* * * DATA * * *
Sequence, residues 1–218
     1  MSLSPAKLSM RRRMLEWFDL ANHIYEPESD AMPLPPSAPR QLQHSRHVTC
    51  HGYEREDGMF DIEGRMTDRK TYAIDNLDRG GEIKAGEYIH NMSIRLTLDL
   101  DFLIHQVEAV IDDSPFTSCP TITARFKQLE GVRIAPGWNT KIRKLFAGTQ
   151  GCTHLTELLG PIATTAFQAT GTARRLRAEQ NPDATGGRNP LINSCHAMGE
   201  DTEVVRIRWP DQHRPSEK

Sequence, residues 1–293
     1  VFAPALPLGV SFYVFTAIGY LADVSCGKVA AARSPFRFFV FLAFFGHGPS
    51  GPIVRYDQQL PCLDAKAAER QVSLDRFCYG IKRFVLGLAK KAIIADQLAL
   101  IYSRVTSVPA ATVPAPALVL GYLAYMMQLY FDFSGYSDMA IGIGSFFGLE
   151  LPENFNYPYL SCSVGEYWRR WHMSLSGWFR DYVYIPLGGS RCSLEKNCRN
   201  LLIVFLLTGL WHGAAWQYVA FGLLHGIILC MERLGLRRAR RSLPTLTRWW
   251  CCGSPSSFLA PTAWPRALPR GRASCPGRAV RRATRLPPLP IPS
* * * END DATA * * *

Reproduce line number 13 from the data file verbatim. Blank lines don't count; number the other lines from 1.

   251  CCGSPSSFLA PTAWPRALPR GRASCPGRAV RRATRLPPLP IPS